Posts Tagged Cardiac stress response
[Abstract] Cardiovascular fitness is improved post-stroke with upper-limb Wii-based Movement Therapy but not dose-matched constraint therapy.
Introduction: Post-stroke cardiovascular fitness is typically half that of healthy age-matched people. Cardiovascular deconditioning is a risk factor for recurrent stroke that may be overlooked during routine rehabilitation. This study investigated the cardiovascular responses of two upper limb rehabilitation protocols.
Methods: Forty-six stroke patients completed a dose-matched program of Wii-based Movement Therapy (WMT) or modified Constraint-induced Movement Therapy (mCIMT). Heart rate and stepping were recorded during early (day 2)- and late (day 12–14)-therapy. Pre- and post-therapy motor assessments included the Wolf Motor Function Test and 6-min walk.
Results: Upper limb motor function improved for both groups after therapy (WMT p = 0.003, mCIMTp = 0.04). Relative peak heart rate increased from early- to late-therapy WMT by 33% (p < 0.001) and heart rate recovery (HRR) time was 40% faster (p = 0.04). Peak heart rate was higher and HRR faster during mCIMT than WMT, but neither measure changed during mCIMT. Stepping increased by 88% during Wii-tennis (p < 0.001) and 21% during Wii-boxing (p = 0.045) while mCIMT activities were predominantly sedentary. Six-min walk distances increased by 8% (p = 0.001) and 4% (p = 0.02) for WMT and mCIMT, respectively.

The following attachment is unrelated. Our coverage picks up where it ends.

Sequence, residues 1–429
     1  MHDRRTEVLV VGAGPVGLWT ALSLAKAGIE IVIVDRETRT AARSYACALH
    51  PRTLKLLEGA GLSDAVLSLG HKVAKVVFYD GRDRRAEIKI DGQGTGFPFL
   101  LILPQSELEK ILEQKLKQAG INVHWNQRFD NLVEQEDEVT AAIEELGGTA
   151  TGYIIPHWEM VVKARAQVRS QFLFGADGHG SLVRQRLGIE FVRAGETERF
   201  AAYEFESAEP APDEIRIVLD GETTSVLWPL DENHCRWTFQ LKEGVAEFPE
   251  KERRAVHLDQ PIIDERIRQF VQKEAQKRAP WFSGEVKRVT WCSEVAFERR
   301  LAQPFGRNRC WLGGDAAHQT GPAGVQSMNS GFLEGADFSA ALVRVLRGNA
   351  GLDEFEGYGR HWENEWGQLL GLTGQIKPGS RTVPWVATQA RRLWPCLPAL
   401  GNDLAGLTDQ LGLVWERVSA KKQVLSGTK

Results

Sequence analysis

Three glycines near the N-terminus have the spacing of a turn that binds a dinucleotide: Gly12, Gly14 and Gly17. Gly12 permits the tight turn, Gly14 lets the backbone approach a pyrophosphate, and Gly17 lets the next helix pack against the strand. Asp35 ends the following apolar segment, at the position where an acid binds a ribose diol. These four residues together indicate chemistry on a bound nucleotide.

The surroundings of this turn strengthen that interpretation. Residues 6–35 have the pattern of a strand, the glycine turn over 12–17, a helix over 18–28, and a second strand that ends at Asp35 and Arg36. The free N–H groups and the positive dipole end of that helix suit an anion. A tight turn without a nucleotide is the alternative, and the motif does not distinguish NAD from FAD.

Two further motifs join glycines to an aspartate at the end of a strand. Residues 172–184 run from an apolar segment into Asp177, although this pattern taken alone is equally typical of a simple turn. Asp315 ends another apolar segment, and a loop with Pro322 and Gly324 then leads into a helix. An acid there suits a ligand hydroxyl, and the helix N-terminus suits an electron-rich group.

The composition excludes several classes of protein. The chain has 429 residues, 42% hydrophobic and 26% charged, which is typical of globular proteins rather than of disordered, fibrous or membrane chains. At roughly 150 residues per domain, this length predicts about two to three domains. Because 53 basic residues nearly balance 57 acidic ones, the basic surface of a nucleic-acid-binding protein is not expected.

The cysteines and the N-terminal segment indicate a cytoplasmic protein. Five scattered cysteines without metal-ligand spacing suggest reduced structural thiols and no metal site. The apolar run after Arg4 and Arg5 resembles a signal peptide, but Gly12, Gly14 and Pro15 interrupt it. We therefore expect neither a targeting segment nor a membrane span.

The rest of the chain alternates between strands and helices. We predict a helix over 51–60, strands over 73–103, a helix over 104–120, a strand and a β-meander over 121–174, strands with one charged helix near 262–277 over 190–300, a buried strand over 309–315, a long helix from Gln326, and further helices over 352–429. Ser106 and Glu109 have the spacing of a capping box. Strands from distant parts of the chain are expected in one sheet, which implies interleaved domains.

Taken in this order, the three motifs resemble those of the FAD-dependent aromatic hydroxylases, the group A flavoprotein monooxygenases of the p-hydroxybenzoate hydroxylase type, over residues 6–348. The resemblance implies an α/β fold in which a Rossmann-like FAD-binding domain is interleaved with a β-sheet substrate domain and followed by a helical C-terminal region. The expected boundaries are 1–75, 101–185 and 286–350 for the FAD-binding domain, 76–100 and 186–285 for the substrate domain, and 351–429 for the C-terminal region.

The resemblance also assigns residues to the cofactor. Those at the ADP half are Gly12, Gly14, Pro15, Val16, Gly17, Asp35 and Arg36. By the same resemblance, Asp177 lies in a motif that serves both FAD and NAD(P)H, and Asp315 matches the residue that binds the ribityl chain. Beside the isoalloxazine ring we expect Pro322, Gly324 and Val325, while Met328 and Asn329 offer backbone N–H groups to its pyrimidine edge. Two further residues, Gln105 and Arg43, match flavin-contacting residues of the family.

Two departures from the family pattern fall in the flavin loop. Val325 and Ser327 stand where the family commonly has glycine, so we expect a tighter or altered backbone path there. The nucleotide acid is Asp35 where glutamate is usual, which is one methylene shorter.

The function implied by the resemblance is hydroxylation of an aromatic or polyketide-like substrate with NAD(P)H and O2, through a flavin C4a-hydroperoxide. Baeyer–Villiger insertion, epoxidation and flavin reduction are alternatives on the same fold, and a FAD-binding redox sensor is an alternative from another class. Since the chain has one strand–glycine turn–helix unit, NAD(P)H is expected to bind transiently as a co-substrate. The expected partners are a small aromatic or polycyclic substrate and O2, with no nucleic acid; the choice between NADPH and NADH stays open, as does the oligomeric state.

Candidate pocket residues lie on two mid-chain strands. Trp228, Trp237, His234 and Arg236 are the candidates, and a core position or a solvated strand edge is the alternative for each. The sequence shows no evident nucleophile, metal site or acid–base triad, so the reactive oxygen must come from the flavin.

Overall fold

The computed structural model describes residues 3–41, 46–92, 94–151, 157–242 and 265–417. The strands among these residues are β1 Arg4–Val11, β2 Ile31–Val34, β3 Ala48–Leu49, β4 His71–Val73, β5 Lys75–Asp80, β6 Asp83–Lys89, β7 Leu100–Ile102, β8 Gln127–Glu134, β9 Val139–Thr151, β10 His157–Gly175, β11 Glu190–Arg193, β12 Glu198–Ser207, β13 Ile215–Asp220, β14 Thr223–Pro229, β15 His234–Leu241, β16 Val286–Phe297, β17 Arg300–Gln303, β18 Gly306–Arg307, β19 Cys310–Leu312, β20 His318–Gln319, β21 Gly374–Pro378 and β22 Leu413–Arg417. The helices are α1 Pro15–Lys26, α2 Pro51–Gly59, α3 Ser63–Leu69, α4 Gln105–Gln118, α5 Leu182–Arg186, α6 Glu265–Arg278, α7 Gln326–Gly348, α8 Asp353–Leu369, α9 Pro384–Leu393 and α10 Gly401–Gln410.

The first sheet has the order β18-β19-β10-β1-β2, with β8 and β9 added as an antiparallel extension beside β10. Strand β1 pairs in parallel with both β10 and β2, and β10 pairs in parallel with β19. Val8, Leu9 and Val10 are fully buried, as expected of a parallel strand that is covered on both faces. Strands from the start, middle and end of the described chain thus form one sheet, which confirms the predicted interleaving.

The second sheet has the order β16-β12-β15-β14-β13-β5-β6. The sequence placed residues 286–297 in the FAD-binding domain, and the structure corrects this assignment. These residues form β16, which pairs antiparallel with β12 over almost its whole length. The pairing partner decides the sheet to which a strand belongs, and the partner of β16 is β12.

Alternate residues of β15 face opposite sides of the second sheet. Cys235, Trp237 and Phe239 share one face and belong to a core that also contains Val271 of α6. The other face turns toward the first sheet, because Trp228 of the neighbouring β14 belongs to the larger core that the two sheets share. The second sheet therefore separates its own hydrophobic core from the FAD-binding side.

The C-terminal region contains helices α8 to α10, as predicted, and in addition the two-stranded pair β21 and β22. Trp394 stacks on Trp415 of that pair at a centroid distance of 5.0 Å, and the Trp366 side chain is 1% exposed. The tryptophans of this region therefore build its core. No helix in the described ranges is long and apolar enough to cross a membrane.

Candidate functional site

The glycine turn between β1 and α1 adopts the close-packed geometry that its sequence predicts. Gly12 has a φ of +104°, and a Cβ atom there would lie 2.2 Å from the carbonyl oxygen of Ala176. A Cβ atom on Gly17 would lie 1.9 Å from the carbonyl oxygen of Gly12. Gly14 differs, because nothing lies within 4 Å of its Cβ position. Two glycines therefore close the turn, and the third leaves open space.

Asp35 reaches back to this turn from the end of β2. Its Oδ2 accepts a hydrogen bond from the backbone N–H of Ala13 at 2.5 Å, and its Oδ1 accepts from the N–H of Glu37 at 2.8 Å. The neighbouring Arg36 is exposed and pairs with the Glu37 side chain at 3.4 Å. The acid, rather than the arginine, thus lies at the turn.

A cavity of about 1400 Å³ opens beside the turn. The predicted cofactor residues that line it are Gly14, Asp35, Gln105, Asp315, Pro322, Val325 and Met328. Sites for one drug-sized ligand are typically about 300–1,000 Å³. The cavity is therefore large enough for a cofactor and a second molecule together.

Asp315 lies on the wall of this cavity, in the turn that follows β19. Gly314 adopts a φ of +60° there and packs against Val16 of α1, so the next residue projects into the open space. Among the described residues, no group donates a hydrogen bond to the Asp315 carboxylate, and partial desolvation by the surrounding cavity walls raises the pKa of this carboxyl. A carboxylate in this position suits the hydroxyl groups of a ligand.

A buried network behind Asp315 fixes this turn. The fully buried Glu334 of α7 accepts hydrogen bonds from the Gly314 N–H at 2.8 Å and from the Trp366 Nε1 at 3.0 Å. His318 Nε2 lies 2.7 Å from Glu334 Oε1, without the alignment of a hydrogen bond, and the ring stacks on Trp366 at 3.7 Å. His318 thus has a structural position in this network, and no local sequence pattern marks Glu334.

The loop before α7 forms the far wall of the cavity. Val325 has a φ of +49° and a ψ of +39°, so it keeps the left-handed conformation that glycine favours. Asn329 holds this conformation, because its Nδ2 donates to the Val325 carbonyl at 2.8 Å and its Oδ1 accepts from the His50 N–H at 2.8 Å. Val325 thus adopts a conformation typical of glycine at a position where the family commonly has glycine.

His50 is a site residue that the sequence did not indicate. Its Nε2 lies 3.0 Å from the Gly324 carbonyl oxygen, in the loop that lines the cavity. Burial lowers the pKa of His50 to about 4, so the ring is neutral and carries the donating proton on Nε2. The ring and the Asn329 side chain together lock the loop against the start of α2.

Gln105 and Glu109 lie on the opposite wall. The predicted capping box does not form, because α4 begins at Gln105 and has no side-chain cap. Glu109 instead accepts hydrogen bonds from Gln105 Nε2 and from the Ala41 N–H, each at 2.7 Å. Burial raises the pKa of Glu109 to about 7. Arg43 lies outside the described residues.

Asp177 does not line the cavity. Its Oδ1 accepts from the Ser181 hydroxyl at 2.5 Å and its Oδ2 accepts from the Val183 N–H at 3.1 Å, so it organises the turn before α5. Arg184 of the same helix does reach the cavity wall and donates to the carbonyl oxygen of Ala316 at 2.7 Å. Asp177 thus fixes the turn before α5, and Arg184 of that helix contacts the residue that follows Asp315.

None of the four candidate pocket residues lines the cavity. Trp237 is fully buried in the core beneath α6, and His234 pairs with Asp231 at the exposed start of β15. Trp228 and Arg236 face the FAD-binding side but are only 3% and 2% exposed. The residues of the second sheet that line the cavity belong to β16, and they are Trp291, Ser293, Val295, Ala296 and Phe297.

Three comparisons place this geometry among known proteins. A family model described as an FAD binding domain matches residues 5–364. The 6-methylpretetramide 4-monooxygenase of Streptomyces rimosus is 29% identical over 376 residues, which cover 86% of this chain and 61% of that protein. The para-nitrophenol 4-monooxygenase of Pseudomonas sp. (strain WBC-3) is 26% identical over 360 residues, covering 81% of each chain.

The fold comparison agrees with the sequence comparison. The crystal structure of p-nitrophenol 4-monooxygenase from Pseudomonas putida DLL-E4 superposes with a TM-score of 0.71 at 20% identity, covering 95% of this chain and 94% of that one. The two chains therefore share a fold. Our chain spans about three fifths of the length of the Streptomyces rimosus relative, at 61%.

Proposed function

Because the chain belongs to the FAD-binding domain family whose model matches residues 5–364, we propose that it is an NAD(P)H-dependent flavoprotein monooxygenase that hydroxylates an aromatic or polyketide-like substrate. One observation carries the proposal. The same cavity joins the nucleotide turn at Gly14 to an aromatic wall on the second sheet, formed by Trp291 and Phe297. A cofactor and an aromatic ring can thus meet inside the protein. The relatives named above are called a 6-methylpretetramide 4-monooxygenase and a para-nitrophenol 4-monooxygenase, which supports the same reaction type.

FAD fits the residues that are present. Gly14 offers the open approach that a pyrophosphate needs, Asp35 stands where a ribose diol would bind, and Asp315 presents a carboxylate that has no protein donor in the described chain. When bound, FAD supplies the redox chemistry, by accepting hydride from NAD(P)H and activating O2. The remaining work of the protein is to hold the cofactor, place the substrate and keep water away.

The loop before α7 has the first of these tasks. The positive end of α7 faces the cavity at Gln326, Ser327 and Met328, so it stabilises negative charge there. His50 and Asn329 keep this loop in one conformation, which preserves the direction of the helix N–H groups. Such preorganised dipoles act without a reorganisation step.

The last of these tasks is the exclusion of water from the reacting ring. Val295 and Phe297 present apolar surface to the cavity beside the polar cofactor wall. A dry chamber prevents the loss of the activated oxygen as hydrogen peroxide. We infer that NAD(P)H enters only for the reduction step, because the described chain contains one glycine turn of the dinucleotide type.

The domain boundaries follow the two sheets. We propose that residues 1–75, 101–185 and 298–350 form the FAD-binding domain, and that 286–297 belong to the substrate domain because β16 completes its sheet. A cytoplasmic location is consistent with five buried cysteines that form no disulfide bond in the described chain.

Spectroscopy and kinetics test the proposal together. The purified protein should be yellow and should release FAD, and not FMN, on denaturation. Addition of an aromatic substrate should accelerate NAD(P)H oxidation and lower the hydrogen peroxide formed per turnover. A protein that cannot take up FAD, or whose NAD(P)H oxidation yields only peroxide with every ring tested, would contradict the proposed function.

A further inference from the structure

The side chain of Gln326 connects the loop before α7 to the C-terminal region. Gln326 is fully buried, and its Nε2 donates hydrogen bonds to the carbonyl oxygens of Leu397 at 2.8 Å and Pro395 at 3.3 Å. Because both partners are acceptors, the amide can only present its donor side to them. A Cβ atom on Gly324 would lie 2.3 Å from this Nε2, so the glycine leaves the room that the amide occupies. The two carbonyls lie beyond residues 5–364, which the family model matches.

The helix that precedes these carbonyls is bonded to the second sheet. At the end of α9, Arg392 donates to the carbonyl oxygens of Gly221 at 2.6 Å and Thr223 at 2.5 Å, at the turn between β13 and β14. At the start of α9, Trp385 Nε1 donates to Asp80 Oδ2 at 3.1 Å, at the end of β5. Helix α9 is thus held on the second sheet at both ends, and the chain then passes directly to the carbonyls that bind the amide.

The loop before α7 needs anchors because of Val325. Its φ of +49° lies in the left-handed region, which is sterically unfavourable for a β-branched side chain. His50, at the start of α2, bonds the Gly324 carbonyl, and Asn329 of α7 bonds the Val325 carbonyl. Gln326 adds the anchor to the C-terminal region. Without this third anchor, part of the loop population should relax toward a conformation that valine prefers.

Discussion: Cardiovascular benefits were evident after WMT as both a cardiovascular challenge and improved cardiovascular fitness. The peak heart rate gradient across WMT activities suggests this therapy can be further individualized to address cardiovascular needs. The mCIMT data suggest a cardiovascular stress response.
Conclusions: This is the first study to demonstrate a cardiovascular benefit during specifically targeted upper limb rehabilitation. Thus, WMT not only improves upper limb motor function but also improves cardiovascular fitness.
Source: Maney Online – Maney Publishing